What, after all, are the three pillars of Lenten practice? Prayer, almsgiving, and fasting in the service of making us more like Christ. It’s pretty obvious that for the first two, the suggestion that we should stop or even let up makes no sense. And even with fasting, there is a pretty good case that it is a healthy part of ordinary life. We ought to continue these disciplines after Lent.

Prayer. Is there anyone who seriously thinks that we should stop praying or even stop praying so much after Lent is over? The whole point of increasing our prayer during Lent is not to do an onerous task a lot more as a “sacrifice” to God of our time and effort. It is to tune our hearts to the heart of God by speaking to Him, listening to Him, and remembering that we are always in His presence. A successful Lent would not mean that we had done enough prayer that we can back off. A successful Lent would mean that we had done enough prayer that we would naturally lift our hearts, ears, and voices to God more easily, that we would actually be closer to making the whole of our life a movement of prayer.

Almsgiving. As with prayer, the giving of alms to those in need in Lent is not supposed to be a one-time only action. It is meant to make us more openhanded to those in need, more willing to see what our Lord teaches: “It is more blessed to give than to receive” (Acts 20:35). The goal of Lent is to understand that “he who sows sparingly will also reap sparingly, and he who sows bountifully will also reap bountifully” (2 Cor. 9:6). We want to reap bountifully, knowing that what we reap is a greater ability to receive God’s love. For “God loves a cheerful giver,” St. Paul adds (2 Cor. 9:7).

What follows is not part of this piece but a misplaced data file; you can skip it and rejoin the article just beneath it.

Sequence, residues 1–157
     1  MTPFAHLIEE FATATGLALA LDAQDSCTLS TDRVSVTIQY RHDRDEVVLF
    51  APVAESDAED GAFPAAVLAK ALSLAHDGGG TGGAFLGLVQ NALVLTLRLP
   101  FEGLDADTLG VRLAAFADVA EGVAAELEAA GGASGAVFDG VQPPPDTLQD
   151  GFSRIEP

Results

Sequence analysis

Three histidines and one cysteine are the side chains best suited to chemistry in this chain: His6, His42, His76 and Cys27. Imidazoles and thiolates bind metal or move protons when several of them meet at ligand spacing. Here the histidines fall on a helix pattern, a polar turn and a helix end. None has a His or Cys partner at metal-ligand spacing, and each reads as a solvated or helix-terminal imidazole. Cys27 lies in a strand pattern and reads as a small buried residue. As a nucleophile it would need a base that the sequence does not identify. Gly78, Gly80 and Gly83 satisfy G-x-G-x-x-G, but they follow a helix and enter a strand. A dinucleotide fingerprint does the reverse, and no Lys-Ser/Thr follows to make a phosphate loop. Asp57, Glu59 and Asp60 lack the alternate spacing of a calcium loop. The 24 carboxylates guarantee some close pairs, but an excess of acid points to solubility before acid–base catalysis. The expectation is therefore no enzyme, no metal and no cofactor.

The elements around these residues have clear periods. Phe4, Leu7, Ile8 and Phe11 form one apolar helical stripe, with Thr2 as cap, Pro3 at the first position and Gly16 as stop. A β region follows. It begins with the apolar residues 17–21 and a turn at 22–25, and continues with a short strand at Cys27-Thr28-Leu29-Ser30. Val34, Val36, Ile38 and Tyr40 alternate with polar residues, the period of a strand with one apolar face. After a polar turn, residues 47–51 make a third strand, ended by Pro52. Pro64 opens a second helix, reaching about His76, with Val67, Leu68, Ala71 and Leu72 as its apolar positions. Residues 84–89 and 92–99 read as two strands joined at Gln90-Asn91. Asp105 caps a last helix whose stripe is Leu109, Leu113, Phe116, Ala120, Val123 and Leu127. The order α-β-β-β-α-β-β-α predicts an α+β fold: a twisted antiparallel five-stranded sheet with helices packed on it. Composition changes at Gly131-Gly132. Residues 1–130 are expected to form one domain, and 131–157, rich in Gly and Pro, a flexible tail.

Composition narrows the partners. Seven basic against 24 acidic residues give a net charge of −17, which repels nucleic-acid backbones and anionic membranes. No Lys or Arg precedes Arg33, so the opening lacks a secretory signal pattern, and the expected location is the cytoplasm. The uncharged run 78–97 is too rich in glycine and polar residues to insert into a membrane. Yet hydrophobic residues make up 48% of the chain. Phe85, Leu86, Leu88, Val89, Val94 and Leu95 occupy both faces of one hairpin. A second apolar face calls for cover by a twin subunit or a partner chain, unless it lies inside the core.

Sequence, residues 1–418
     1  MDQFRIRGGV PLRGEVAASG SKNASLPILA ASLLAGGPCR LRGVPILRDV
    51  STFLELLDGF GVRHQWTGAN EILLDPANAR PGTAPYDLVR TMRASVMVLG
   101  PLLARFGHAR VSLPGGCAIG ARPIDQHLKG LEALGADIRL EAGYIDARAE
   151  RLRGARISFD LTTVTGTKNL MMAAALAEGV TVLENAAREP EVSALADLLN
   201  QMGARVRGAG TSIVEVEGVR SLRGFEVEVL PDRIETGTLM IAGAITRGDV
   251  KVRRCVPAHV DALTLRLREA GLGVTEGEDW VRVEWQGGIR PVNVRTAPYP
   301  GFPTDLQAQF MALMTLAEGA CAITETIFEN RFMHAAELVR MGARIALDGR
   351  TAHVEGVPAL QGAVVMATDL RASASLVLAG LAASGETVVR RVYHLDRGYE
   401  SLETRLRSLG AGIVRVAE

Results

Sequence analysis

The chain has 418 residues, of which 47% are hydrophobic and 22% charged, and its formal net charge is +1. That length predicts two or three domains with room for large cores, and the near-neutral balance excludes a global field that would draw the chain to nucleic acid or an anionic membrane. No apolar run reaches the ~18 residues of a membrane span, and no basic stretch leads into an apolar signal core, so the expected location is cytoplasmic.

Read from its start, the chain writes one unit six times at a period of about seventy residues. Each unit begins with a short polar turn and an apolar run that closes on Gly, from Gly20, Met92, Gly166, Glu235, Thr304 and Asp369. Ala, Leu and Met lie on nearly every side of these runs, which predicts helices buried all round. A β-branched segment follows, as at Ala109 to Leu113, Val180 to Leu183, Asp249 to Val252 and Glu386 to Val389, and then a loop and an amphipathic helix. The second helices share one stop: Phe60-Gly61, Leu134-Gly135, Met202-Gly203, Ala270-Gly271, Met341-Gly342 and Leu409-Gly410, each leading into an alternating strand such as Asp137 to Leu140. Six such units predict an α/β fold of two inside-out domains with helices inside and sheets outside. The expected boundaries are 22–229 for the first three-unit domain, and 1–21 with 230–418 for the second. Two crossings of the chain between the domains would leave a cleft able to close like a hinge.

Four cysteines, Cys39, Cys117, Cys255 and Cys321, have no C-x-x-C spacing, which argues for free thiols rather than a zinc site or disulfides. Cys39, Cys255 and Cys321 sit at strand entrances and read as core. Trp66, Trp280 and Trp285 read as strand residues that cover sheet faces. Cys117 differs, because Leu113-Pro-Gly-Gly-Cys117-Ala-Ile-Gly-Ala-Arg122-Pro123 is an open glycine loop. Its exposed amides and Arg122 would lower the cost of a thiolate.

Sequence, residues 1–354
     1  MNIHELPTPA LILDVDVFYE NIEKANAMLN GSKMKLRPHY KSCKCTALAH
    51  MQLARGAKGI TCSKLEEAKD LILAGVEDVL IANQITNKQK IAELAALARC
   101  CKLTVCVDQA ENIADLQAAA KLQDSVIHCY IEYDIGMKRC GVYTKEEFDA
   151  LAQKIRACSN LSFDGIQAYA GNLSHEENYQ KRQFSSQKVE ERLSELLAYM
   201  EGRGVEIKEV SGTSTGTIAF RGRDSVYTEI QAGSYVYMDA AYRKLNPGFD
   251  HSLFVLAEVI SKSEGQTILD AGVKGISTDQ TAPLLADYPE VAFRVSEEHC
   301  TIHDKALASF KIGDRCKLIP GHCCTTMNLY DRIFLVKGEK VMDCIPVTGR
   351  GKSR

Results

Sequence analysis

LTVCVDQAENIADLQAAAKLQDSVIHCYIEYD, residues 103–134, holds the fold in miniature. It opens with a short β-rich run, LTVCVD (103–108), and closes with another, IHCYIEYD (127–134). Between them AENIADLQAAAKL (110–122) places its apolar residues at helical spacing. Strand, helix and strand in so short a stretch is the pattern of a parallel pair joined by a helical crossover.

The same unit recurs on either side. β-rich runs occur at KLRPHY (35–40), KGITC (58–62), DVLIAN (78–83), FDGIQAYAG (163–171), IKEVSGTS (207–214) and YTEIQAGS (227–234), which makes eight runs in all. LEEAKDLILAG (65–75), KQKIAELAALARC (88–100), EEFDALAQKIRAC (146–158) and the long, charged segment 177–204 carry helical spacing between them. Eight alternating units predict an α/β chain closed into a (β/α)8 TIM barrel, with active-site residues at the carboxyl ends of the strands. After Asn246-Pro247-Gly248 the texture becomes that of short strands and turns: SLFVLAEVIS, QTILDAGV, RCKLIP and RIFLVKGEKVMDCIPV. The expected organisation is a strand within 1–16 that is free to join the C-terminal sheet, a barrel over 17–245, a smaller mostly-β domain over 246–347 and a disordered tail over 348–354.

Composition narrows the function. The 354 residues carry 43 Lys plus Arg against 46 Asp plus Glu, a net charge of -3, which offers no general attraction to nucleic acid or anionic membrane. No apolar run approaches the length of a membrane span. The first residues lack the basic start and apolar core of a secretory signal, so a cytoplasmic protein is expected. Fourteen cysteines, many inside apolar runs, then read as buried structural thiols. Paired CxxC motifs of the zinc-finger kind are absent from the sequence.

Fasting. The Easter season is not meant to be a time of fasting but of feasting. My daughter gave up cheese this year for Lent. She should enjoy being able to eat it again. But I also want her to be okay with it when we’re out of cheese. We all need to know that with God, we are indeed okay no matter what other goods we have or don’t have. To that end, even amid our feasting there is still room for a bit of fasting to make sure that our feasting is itself ordered well. We know we ought to fast before reception of Communion. And every Friday, apart from solemnities such as Easter Friday, is a day of penance.

I’ll continue to honor Lent in my heart all the year. The reason is neither “Catholic guilt” nor “Jansenism.” It is that Jesus rose from the dead so that we might imitate him, take up our own crosses, and experience truly what it means to be an Easter people, freed to love and serve God no matter the cost.

Reprinted with the gracious permission of The Catholic Servant.

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The featured image is “Engraving after Good Friday” (1888) by F. H. Tompkins, and is in the public domain, courtesy of Wikimedia Commons.